Massage gift certificates are great because everyone could use a massage, and it’s nice to be able to select a time when you need it most. I also like CDs with relaxing music to help soothe away stress and tension.
—Michael Amster, M.D.
I’ll often get a nice basket or some type of container and fill it with relaxing products such as natural bath salts or oil, a loofah, perhaps one of those silk flaxseed-filled eye masks, and candles with some pretty holders. I tend to make a lot of my own gifts, so I’ll often custom-make an aromatherapy product suitable for the individual and put it in a nice bottle. Or I’ll make homemade herbal gifts of salves, body products, tincture, or whatever seems appropriate.
—Rasa Sammy, L.Ac.
I like to give Kings American Dispensatory (Eclectic Medical, 1898)—a two-volume set that costs $285. I consider it the best, most complete herbal text written in the English language. It’s available from the American Botanical Council in Austin, Texas. I also like to give Chinese brass mortar and pestles, which can be purchased at some Chinese herb stores. They’re beautiful, make a great ringing sound when being used, and are very handy for breaking up hard roots and seeds.
—Ed Smith, herbalist and cofounder of Herb Pharm
I like to give a copy of Tuesdays With Morrie by Mitch Albom (Doubleday, 1997). It’s a great book that really touches the heart.
—Lesley Tierra, L.Ac.
I like to give books to educate my loved ones on how to eat healthier, on gardening, and on natural first aid. Also, books on Feng Shui and Feng Shui tools (crystals, wind chimes, mirrors) and relaxation tapes. I might also make “gourmet baskets” featuring healthy crackers, jams, pistachios, and snacks they might like but have never tried, such as taro chips, macadamia nut butter, and blue popcorn.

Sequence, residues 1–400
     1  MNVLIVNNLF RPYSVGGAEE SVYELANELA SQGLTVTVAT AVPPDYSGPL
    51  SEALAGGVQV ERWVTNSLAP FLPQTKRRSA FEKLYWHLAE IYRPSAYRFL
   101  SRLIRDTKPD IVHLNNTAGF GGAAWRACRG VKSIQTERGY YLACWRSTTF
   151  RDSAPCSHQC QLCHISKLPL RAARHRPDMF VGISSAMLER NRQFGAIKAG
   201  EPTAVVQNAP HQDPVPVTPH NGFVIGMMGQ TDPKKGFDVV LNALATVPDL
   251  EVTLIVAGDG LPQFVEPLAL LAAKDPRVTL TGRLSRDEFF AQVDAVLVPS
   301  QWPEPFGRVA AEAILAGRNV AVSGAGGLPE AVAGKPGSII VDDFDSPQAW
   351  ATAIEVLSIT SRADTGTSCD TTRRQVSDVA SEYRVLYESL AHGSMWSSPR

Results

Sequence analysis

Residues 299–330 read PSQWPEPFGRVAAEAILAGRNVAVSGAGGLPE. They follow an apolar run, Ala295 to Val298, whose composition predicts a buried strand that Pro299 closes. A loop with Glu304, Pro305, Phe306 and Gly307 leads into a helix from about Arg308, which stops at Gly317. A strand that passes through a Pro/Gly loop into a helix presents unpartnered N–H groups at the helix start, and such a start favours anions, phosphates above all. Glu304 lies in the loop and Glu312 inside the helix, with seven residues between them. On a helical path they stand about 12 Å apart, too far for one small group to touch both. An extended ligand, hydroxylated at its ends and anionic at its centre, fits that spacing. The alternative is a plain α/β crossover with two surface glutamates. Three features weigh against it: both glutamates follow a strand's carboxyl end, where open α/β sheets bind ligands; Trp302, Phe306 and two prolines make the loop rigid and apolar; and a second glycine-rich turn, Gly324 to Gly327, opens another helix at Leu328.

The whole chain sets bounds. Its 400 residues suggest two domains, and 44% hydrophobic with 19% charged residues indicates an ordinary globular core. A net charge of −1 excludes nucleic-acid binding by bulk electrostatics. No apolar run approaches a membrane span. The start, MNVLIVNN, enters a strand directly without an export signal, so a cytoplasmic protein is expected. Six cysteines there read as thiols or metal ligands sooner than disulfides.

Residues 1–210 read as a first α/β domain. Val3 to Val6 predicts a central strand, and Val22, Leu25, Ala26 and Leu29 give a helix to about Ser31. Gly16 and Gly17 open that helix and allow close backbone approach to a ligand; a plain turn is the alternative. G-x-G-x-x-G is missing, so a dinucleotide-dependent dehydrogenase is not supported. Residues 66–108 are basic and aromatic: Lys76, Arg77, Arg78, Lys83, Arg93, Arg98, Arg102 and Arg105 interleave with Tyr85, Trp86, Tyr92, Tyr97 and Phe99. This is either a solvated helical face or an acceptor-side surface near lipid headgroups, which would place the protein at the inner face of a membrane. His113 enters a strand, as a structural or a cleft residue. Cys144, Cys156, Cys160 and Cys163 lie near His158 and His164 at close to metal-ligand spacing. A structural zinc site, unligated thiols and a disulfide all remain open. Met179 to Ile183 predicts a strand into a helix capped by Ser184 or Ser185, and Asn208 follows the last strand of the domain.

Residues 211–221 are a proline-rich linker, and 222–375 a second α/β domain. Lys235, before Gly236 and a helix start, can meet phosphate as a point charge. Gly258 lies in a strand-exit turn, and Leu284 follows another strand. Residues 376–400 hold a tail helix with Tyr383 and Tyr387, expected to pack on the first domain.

—Brigitte Mars, herbalist
My favorite healthy gift to give people is our Fox Ryde Hiker’s Pack. There are a lot of outdoors-type people who really need the contents! It consists of a cotton bandana wrapped around a stick of our Smooches herbal lip balm, a small jar of our BooBoo Balm (for blisters, open wounds, and sunburns), and a jar of our Weekend Warrior Balm (for sore muscles, strains, sprains, and overworked bodies).
—Sheron Buchele, owner of Fox Ryde Gardens in Loveland, Colorado
I like to make homemade herbal gifts. Rolling beeswax candles is easy for anyone to do. Beeswax sheets can be purchased in kits at craft stores. Herbal drawer sachets can be made in minutes by wrapping potpourri in a four-inch round piece of pretty fabric and tying shut with a ribbon. Scented herbal bath oil is lovely and can be made by adding ten to twenty drops of essential oils to four ounces of almond oil and placing in a nice glass jar.
—Aviva Romm, herbalist and midwife
I give gift baskets for special needs (such as an osteoporosis basket with calcium and mineral supplements). I also like homemade chai, herbal salves, bath salts or other body products, and chewable vitamin C.
—Jill Stansbury, N.D.
Amy Baugh-Meyer and Dawna Duncan are associate editor and editorial assistant for Herbs for Health.